SAN JOSE, Calif. (Aug. 19, 2014) — The global tire cord market is set to exceed 5 million metric tons by 2020, driven by technology advancements and new opportunities in developing countries, said Global Industry Analysts Inc. (GIA) in its latest report on the sector.
While the announcement did not include a baseline figure for the global market, GIA said suppliers are benefiting from an increasing move to radial tires for trucks and buses in developing countries. This, it noted, will raise demand for high tensile-strength steel cord in particular.
Strong demand for replacement tires, especially in commercial vehicles, is also driving growth in the market, GIA said.
Further growth stems from tightening environmental regulations and fuel-efficiency requirements, GIA said. These factors are pushing up demand for advanced tire cord materials in cost-competitive and lightweight tires with a longer life span and lower rolling resistance.
In response, steel cord manufacturers are focused on minimizing the weight of steel cord by using high-strength steel and designing cord constructions that require less use of steel. Of particular note, according to GIA, is the growing popularity of hybrid combinations with synthetic fibers such as nylon, PEN, PET, aramid and rayon.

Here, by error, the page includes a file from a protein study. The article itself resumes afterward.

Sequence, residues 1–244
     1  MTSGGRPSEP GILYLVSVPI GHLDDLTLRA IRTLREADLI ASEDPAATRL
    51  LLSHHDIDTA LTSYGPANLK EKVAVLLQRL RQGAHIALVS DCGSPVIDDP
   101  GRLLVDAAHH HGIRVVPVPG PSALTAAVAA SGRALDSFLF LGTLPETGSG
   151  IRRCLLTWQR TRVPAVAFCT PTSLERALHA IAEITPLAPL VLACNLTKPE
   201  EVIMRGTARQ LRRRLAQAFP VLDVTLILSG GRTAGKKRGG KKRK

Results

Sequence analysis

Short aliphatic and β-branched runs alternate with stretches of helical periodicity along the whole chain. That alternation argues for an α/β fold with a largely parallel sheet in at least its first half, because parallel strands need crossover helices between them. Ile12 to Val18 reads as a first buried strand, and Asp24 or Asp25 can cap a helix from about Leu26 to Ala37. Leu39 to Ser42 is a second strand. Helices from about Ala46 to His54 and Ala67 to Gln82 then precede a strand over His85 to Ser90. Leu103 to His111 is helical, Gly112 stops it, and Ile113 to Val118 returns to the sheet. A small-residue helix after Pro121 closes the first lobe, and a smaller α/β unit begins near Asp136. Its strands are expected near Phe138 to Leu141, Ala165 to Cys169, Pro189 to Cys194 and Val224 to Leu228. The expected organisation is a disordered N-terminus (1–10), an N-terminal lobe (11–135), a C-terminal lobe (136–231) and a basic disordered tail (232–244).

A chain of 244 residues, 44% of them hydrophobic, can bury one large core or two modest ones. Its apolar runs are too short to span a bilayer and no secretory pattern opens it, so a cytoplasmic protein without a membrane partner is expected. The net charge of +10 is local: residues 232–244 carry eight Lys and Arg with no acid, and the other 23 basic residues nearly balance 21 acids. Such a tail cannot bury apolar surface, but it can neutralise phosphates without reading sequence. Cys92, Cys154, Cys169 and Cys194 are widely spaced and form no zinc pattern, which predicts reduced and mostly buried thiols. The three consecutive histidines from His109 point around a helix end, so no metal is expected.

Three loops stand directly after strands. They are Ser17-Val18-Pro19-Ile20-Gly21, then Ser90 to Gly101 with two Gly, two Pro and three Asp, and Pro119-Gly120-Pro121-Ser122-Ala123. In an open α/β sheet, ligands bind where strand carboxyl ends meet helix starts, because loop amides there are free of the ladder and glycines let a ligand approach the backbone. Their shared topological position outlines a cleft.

Due to increasing prosperity, Asia-Pacific represents the largest and fastest growing market ,worldwide with a compound annual growth rate of 9.1 percent to 2020. The growing importance of China and India as destinations for outsourced automotive manufacturing activities will also drive demand for tire cord in the OEM segment.
The study profiles 24 major players in this market, including: Century Enka Ltd.; Cordenka G.m.b.H. & Co. K.G.; Hyosung Corp.; Kolon Industries Inc.; Kordarna Plus A.S.; Kordsa Global N.V.; Bekaert S.A.; Polymer Fibers; SRF Ltd.; Teijin Ltd.; and Xingda International Holdings Ltd.
The 144-page report costs $4,950.
This report appeared on european-rubber-journal.com, the website of European Rubber Journal, a United Kingdom-based sister publication of Tire Business.
For how many generations has your independent tire business been in the family?
|Four or more generations||
|Total votes: 83|